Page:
I had been noticing for a while a growing interest amongst shoppers (and eaters) to eat what’s near them (perhaps “local” has become the new “organic”?), for the sake of the planet and for sheer eating pleasure.
Because let’s face, long distance transportation and extended periods of refrigeration are never going to improve the eating quality of fresh food.
Tackling the rural-urban divide has been one of the WFU’s most important philosophies and to start the ball rolling WFU London have come up with a challenge to help bridge that gap.
We hope to do this by encouraging shoppers to re-connect with local independent retailers and British farmers and producers of good, honest food as well as to raise awareness of the need to collectively do our bit for the country’s carbon footprint.
In a nutshell, the “look local” challenge is about stripping away the convenience, perhaps laziness of food shopping, by forcing yourself to really consider the wider issues behind some of the food choices you make.
To name but a few: food sustainability, carbon footprint, self-sufficiency, the future of British farming, food related ill-health in animals and humans …
It’s an opportunity to explore your local neighbourhood and discover local food shops, markets, food co-ops and community box schemes which you may have overlooked in the past.
The WFU London’s “look local” campaign is not, I hasten to add, an effort to demonize the supermarkets. The Big Four (Tesco, Asda, Morrison and Sainsbury’s) between them sell c75% of food produced in Britain, so that would be a bit of own-goal.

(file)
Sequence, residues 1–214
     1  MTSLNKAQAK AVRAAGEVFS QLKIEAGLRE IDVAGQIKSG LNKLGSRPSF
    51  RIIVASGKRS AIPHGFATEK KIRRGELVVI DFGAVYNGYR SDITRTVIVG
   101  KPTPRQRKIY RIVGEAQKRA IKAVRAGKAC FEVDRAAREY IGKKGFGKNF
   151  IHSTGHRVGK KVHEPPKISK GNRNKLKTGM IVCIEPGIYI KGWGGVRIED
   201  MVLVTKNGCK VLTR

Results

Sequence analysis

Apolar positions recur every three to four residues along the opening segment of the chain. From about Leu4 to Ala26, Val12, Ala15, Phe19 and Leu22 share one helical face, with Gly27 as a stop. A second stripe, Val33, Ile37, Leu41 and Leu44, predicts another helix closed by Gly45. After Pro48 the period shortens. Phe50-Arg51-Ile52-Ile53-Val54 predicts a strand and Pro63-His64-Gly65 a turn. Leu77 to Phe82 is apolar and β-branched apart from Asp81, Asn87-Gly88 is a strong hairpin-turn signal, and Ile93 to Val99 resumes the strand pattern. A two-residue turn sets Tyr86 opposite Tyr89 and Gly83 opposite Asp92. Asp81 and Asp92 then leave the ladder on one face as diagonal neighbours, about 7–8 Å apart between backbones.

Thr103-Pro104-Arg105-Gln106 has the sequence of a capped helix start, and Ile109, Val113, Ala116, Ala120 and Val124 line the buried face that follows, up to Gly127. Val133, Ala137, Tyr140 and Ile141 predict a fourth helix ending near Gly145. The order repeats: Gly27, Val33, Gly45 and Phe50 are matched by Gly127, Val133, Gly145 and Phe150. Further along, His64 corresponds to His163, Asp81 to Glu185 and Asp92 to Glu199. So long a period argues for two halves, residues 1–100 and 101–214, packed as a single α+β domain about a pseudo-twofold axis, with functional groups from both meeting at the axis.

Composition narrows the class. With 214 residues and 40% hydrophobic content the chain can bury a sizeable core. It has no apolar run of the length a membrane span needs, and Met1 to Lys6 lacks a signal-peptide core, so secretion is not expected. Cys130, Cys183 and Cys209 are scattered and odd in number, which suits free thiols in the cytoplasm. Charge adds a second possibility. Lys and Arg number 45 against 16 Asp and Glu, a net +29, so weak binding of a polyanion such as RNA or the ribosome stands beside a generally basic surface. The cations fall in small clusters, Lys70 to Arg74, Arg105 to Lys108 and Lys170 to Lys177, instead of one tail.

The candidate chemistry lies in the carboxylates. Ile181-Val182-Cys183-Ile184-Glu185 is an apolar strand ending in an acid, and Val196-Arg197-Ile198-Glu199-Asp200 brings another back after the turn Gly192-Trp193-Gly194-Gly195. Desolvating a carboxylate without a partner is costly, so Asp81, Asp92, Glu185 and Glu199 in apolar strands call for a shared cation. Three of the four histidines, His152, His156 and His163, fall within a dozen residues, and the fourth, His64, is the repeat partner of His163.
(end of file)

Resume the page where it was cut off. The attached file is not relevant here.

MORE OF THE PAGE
Now is the season of plenty in England, time to indulge that summer luxury of eating what’s been grown + harvested within shouting distance.
I won’t for a moment suggest however that this is an easy challenge, but I believe it could be a very worthwhile one if it can help you to find a solution to the modern food dilemma:
how to make better quality food something you can + should enjoy every day.
I believe this is possible not only through clever meal planning and recycling (for example roast a chicken on day 1, bones for stock, leftovers in a sandwich filling or risotto.) but also by finding economical ways of buying the best, such as buying direct from farms using home delivery and scouting vegetable stalls for good deals on seasonally abundant vegetables.
Granted, there is much to consider and the commitment to this different way of shopping, cooking and eating means a little planning, knowledge, sacrifice and asks that you take on more responsibility.
Over the next 4 weeks I will be documenting here how I get on and I hope to include tips on what to buy and where, some price comparisons and no doubt share my delight, frustrations and concerns at what I find.
My idea is to empower you to “look local” and to enjoy it!